Pyrolytic and provenance evaluation of organic matter from the tertiary niger delta basin, nigeria: implication on hydrocarbon generation.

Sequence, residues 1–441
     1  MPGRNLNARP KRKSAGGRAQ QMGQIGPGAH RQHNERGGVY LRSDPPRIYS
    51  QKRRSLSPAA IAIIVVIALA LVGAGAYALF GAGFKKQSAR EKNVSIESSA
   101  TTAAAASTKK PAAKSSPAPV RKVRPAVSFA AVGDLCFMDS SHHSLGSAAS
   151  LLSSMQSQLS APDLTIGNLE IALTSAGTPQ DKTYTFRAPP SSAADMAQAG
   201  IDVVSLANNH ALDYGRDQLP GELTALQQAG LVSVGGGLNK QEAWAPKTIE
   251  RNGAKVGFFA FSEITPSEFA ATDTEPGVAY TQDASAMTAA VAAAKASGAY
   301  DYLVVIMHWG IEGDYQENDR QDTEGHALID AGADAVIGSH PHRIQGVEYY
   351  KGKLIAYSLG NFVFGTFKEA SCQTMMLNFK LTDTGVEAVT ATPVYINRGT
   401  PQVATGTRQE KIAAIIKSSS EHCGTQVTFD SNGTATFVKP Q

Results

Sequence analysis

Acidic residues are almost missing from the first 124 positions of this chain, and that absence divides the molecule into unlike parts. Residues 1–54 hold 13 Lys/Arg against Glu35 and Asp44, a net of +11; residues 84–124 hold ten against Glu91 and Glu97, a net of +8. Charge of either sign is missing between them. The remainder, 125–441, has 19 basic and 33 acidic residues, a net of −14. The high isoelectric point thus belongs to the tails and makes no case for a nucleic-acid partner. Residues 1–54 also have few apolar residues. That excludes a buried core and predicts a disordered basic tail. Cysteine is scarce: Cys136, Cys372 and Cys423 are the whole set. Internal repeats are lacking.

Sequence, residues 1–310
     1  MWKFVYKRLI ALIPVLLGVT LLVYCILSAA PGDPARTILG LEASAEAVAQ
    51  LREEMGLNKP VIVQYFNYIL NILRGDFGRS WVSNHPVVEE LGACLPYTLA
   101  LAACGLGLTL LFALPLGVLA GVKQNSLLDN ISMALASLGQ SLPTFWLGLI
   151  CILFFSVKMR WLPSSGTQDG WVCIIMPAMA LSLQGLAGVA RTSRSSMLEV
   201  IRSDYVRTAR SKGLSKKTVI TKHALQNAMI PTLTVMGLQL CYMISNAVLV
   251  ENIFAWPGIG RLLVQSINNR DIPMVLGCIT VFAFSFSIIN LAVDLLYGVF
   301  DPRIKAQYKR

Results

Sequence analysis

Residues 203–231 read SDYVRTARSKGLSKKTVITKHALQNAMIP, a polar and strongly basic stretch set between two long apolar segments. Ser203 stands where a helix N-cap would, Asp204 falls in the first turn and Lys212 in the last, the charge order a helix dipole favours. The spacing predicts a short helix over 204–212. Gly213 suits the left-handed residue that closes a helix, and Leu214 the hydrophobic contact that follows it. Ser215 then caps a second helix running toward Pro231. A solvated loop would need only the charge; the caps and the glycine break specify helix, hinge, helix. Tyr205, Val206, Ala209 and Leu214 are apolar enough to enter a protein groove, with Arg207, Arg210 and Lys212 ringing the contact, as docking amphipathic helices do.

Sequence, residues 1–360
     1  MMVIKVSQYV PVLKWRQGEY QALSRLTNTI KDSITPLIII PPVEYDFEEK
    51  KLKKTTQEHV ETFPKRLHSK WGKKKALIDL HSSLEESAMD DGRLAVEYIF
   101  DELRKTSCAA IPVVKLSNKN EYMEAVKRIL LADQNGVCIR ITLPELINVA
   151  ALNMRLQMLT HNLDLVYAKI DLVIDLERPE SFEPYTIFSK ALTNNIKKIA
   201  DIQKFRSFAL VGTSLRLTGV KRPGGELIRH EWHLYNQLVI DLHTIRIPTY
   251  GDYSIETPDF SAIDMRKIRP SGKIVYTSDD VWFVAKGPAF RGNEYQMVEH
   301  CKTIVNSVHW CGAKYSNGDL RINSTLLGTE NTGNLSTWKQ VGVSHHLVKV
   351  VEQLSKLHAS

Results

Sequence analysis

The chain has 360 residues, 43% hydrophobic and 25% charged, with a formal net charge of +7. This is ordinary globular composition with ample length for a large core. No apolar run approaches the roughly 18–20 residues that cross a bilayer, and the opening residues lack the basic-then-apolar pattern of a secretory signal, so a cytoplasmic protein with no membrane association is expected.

The present work deals with evaluation of organic matter based on detailed Rock-Eval pyrolysis techniques studies to evaluate hydrocarbon generation potential of source rocks by collecting twenty- nine shale samples from well cuttings in the Tertiary Formations of the Niger Delta, Nigeria. The values of vitrinite reflectance (0.57–0.74%Ro) and maximum (Tmax: 420–445°C) confirmed that samples are at early maturity to matured stage enough to generate liquid and gaseous hydrocarbon. The cross-plot between hydrogen index (HI) and oxygen index (OI) atomic ratio indicates that samples were predominant in the bituminous rank and having kerogen Type III makes it suitable for hydrocarbon generation. Rock-Eval pyrolysis analysis (Types II-III and Type III kerogen) on shale samples from the Niger Delta reveals organic matter of predominantly terrestrial origin based on type III kerogen. The organic matter (OM) assemblages suggests a marine setting but dominated by terrestrial inputs likely related to fluvial processes which is function of most delta system. Based on high total organic carbon (TOC) value of 5.42wt% and Type III kerogen made the shale an excellent source rock, with gas-prone kerogen. The high OI, low total sulphur (TS) suggests terrestrially derived OM and deposition in an oxic and dysoxic shallow marine environment. In addition, HI and Tmax values describe the samples as a characteristic Type III dominant kerogen and potential to generate oil and gases while the Tmax, consistently indicate an immature to mature on the shale organic matter.
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